To build the best mobile banking experience possible, Sam and Alok stripped out whatever they could to focus on the thing that really mattered to their consumers: speed

According to Alok Deshpande:

“We knew how users looked at mobile devices, especially while using a location-based app. They wanted to get in, get the answer, and get out.”

When using the app, users can get granular by adjusting tools that track their spending and easily searching for every transaction made.

GoBank also sends its customers real-time transaction notices via push notifications on their phone. 

According to GoBank, it’s something their consumers really value, because they know instantly of any fraudulent activity. 

By differentiating themselves from other, more traditional banks, Sam says GoBank challenges the notion that all savings accounts incur fees, as theirs don’t. “Traditional savings accounts have rules-you can move money only six times a month. That’s not what our users want.“

“We thought, Why can’t you just move money when you want, with no fees?”

4. Chime 

The founders of Chime firmly believe everyone deserves financial peace of mind. 

Off the back of this, Chime was launched in 2013 to change the way people – especially millennials – felt about banking. 

Millennials want finance integrated with their lifestyles seamlessly. Catering to this audience specifically, Chime boasts a design-led, slick banking app, devoid of fees and minimums

“Banking should be free, helpful and easy to use but traditional banks are reluctant to embrace this reality. We aim to set a new standard in the industry by using technology to create services that are truly aligned with the best interests of consumers.” Chime Ceo, Chris Britt.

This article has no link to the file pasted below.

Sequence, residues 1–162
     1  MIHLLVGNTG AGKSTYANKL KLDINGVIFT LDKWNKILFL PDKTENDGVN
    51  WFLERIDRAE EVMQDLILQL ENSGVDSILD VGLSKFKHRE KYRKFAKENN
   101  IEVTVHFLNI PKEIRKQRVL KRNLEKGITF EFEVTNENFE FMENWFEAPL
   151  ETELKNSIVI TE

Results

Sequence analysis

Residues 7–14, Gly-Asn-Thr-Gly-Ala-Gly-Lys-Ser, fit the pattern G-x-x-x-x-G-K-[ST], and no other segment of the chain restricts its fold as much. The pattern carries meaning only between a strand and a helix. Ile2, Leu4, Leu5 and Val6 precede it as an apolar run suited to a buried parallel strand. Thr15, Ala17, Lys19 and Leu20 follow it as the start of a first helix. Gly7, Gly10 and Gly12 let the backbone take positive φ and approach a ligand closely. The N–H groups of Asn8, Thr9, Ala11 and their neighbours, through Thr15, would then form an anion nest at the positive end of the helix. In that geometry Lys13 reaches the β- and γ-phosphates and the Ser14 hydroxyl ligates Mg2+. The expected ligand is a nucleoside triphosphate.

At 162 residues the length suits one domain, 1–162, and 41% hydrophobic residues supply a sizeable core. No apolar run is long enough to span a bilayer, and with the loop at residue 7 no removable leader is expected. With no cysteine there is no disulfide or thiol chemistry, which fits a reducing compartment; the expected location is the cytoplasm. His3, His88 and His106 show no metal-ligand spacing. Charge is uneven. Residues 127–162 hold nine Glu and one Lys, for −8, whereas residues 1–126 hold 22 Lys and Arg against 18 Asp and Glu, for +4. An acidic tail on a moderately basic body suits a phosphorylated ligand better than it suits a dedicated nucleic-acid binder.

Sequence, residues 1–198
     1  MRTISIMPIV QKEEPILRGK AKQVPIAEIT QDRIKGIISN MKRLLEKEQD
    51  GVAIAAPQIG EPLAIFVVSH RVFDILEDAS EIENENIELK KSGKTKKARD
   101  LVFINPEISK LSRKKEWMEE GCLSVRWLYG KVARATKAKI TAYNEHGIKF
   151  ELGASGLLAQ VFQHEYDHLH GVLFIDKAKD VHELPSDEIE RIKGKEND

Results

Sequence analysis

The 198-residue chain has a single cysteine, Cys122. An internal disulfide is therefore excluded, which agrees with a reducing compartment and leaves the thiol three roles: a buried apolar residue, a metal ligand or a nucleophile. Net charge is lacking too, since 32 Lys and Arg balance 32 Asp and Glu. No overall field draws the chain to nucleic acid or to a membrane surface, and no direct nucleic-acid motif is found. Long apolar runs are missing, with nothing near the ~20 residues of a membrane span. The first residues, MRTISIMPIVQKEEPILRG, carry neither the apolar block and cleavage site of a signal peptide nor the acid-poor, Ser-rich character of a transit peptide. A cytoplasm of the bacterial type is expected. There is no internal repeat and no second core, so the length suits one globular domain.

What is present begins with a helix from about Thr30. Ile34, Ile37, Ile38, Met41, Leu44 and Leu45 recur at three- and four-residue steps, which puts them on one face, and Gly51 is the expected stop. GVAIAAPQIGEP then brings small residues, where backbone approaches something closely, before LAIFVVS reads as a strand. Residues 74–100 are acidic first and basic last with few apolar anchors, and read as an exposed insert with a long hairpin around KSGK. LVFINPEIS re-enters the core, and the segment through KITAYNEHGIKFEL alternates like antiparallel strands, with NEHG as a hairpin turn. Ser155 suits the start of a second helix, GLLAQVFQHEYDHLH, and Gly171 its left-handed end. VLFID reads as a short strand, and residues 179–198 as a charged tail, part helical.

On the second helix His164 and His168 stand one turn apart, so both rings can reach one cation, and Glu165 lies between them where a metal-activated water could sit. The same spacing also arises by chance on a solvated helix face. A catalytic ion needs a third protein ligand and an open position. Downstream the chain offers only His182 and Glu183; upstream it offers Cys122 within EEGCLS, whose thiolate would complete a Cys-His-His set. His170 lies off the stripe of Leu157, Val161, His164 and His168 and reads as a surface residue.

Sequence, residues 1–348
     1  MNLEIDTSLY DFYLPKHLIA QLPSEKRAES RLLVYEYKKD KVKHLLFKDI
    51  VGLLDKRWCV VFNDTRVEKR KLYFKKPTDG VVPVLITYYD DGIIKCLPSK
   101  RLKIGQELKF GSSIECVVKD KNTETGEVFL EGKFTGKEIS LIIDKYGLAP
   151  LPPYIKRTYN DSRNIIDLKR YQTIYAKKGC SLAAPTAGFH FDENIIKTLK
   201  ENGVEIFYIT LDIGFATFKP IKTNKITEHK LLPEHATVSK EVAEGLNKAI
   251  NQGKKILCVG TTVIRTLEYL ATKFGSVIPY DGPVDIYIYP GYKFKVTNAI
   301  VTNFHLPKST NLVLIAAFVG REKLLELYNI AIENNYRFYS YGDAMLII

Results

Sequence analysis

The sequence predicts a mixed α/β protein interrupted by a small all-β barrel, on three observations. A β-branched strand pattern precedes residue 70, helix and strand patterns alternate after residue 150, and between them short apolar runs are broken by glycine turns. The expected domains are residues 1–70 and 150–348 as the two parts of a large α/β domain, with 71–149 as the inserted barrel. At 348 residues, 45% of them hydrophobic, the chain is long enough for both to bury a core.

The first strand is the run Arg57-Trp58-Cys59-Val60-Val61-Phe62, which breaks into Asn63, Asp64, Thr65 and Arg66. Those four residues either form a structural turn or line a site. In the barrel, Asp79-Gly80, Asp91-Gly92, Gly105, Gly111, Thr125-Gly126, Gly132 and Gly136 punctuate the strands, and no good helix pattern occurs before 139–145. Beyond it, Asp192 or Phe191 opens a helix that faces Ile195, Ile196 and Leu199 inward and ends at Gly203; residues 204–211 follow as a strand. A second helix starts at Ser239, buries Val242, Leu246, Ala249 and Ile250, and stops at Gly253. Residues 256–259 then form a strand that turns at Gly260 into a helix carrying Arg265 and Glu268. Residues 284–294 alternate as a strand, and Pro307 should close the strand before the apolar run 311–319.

Chime sees itself as a new kind of bank: one that members can get ahead, because Chime’s innovative features make managing money easy for younger audiences. For example, Chime helps its users deposit regular savings, in a way that doesn’t require them to think about it, with a “round-up” automatic savings feature common to many challenger banks

Each time customers make a purchase, the app rounds up the amount to the nearest dollar and deposits the difference in savings.

Chime built its business on the principle of protecting its majority millennial audience and helping them get ahead – ‘profiting with them as opposed to off them.’

5. Ally Bank

Digital financial services provider, Ally, prides itself on its commitment to innovate for the sole purpose of benefiting its consumers. Ally has no physical branches, but its customers enjoy fee-free access to virtually every U.S. ATM

Constantly challenging the status quo in banking, Ally has become synonymous for anticipating changes and being quick to respond. Internally, Ally makes it clear that its culture puts consumer research front and center. 

The digital bank continuously revisits its offering – high-yield savings accounts being one example – and evaluates expectations to ensure its product is always the top choice.